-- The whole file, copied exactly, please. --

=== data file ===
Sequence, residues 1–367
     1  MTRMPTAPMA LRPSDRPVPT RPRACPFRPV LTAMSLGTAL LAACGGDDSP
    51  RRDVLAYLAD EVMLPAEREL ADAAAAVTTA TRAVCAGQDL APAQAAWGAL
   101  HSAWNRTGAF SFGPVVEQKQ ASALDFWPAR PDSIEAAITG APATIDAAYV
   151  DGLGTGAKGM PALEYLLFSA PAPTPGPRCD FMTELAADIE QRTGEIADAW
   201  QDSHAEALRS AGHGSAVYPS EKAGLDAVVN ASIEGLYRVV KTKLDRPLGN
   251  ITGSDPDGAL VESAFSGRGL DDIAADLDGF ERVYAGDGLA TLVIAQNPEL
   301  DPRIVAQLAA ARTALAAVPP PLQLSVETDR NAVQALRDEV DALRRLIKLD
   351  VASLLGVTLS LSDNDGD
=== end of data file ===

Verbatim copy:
Sequence, residues 1–367
     1  MTRMPTAPMA LRPSDRPVPT RPRACPFRPV LTAMSLGTAL LAACGGDDSP
    51  RRDVLAYLAD EVMLPAEREL ADAAAAVTTA TRAVCAGQDL APAQAAWGAL
   101  HSAWNRTGAF SFGPVVEQKQ ASALDFWPAR PDSIEAAITG APATIDAAYV
   151  DGLGTGAKGM PALEYLLFSA PAPTPGPRCD FMTELAADIE QRTGEIADAW
   201  QDSHAEALRS AGHGSAVYPS EKAGLDAVVN ASIEGLYRVV KTKLDRPLGN
   251  ITGSDPDGAL VESAFSGRGL DDIAADLDGF ERVYAGDGLA TLVIAQNPEL
   301  DPRIVAQLAA ARTALAAVPP PLQLSVETDR NAVQALRDEV DALRRLIKLD
   351  VASLLGVTLS LSDNDGD